Of course, Timmins tanked with gold like every other gold stock in 2013. There was, however, one meaningful upleg coming out of the Q2 panic that TGD had the opportunity to participate in. But as you can see, it didn't. And this disconnect was actually quite perplexing. Yes, Timmins had a rough Q2'13 with much lower year-over-year profits along with a small impairment charge. But this was pandemic for the sector. We'll chalk this up as an anomaly, especially considering the follow-up action.
Things reverted back to normal amid gold's latest upleg in early 2014. TGD positively leveraged gold's 16% gain by 4.4x, soaring 71%. And just over the last few weeks, TGD has really embraced a rare summer gold rally by surging 48% to gold's 6.7% (stellar 7.2x leverage). Time will tell whether a new gold upleg is being born, but what is clear is that TGD is wound tight and ready to spring on any upward momentum in its underlying metal.
Overall Timmins Gold has everything it takes to be an elite junior gold producer. It has a spectacular mine that will be producing low-cost gold for a long time to come. It has a top-shelf management team adept at exploration and development. It has a solid financial standing. And its stock has demonstrated the ability to superbly leverage the underlying metal.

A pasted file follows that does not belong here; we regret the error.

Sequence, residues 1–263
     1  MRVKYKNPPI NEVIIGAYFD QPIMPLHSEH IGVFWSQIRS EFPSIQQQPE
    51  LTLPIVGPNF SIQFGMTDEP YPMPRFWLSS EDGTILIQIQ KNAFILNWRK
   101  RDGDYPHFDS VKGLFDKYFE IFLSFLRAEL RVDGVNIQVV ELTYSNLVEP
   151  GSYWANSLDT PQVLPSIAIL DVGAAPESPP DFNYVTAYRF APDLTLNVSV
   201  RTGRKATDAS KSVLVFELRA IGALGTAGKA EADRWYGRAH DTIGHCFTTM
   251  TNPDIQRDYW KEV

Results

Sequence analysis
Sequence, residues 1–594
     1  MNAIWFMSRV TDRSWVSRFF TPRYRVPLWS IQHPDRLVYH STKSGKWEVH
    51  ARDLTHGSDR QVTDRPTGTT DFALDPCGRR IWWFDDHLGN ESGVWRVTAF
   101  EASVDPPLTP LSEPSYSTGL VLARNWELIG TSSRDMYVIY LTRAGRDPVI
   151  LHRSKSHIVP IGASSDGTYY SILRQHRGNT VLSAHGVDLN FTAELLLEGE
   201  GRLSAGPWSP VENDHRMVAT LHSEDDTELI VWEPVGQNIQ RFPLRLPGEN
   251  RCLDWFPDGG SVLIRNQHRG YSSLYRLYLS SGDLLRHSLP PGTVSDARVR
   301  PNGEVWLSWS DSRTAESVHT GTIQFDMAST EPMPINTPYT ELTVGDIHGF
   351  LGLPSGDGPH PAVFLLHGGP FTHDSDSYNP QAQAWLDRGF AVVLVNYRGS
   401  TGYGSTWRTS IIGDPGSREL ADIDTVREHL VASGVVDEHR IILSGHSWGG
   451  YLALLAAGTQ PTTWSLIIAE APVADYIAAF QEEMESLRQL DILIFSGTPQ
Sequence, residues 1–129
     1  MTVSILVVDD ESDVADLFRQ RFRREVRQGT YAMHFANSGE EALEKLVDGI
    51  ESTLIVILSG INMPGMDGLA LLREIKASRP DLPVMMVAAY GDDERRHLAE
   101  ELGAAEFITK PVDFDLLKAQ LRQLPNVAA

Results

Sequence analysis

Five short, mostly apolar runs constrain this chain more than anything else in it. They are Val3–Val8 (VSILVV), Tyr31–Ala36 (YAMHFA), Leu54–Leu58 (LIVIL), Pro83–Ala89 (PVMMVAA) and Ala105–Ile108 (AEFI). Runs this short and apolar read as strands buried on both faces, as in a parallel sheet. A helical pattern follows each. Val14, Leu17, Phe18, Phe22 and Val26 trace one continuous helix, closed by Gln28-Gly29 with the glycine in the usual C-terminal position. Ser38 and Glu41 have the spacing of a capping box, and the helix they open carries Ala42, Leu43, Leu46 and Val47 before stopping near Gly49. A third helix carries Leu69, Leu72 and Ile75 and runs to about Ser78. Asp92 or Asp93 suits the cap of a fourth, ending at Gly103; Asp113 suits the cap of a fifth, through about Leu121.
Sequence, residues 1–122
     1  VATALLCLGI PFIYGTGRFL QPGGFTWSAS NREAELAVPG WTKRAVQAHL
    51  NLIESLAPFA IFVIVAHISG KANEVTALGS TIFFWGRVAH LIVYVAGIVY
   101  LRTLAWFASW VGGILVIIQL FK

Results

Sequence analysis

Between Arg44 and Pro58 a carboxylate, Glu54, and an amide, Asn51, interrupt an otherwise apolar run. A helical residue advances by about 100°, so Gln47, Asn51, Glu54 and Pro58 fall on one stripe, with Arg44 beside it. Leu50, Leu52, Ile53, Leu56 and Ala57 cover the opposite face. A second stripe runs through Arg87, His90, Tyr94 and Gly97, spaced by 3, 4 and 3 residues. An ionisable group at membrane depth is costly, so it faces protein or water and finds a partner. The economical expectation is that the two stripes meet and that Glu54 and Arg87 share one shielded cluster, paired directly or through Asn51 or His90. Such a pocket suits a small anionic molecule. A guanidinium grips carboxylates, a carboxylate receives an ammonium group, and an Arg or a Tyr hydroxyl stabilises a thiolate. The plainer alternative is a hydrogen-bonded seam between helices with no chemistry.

Timmins is a proven leader of the junior-gold-producer sub-sector. This sub-sector does carry more risk than the larger more-diversified miners, which can lead to sharp downside leverage. But the rewards can be exceedingly great on the upside. These stocks are small enough that it doesn't take much investor interest and thus capital inflows for them to explode higher. And when gold regains its legs, it won't take long for this capital to find them.
The bottom line is Timmins Gold is one of the industry's top junior gold producers. This company skillfully executed a plan to develop an advanced-stage Mexican project in order to take advantage of gold's secular bull market. And it did just this with production from what is now one of the country's finest gold mines.
The San Francisco mine is a long-life low-cost beauty with ample resources and huge upside exploration potential. And for this reason investors have latched on to Timmins' stock. TGD is a proven high-positive-leverage play that ought to continue to greatly outperform as gold's bull market presses on.
(Guidance and other data from latest corporate presentation and/or financial statements)
July 3, 2014
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Disclosure: The author is long TGD. The author wrote this article themselves, and it expresses their own opinions. The author is not receiving compensation for it. The author has no business relationship with any company whose stock is mentioned in this article.